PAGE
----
My team, my drag boat family, & a little about my life.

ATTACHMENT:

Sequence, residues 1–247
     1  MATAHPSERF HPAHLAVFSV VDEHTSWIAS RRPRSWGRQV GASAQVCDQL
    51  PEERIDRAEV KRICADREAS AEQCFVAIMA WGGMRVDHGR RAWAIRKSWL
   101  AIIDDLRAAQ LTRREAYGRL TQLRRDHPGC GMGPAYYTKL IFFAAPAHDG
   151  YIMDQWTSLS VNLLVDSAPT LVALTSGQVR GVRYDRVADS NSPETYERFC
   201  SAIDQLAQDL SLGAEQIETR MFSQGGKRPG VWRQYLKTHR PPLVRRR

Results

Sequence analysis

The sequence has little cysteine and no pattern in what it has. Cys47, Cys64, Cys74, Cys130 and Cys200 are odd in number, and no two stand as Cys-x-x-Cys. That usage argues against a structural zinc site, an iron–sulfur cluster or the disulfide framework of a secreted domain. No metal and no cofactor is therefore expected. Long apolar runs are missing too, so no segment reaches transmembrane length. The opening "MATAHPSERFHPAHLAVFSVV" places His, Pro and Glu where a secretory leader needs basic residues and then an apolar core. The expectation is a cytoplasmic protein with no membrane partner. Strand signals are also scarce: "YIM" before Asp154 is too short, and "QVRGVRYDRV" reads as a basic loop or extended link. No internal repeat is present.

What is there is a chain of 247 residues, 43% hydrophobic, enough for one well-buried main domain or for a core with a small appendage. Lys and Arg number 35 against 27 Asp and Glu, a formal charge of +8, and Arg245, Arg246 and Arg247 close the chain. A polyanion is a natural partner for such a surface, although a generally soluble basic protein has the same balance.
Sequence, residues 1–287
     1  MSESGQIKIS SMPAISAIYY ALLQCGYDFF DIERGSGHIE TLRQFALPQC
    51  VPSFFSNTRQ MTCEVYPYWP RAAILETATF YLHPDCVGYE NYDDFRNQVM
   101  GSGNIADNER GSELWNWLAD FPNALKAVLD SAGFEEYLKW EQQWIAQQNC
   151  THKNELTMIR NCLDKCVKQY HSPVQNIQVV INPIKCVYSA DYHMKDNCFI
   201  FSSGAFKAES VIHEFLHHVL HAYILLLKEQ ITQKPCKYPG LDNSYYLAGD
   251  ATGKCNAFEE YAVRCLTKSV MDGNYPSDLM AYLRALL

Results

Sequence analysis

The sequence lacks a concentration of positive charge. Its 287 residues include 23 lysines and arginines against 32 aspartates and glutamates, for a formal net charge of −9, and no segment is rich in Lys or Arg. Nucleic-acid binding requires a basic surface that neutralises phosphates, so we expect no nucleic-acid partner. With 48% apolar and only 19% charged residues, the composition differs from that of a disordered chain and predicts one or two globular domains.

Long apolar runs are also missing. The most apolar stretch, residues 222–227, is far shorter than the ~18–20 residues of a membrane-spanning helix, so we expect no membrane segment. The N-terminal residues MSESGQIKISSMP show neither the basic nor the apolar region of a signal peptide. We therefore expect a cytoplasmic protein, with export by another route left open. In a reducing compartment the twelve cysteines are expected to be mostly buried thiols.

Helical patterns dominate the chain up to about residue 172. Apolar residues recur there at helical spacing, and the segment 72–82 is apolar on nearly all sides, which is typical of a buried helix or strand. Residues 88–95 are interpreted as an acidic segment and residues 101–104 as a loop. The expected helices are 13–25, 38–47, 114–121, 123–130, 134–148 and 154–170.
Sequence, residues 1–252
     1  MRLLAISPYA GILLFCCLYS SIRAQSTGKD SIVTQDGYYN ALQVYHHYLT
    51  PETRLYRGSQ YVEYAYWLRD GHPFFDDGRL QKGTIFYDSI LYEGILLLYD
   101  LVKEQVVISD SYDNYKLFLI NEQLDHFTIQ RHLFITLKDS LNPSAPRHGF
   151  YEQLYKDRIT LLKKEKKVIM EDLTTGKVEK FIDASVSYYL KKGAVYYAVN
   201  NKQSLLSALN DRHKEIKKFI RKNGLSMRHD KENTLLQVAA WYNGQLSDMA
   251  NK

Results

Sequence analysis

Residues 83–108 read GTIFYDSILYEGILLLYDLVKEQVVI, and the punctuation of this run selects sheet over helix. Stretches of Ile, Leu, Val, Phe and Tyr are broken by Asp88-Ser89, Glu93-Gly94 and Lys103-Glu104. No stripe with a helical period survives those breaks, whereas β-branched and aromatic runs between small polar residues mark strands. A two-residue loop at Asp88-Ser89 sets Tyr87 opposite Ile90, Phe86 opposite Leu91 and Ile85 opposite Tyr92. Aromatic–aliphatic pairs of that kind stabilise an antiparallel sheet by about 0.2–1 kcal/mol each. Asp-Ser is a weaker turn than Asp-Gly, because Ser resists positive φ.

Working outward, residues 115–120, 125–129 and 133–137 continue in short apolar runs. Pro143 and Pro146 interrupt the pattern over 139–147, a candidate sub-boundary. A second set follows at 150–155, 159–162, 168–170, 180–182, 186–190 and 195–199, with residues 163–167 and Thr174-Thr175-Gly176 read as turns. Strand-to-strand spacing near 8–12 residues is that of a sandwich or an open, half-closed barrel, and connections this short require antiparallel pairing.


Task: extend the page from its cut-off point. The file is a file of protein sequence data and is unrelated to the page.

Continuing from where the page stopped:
Hi everyone! I hope everyone had a wonderful Christmas! My family held our family Christmas for the first time at our brand new shop, and trust me, it has been a long time coming. My parents have been talking about moving to the family farm and build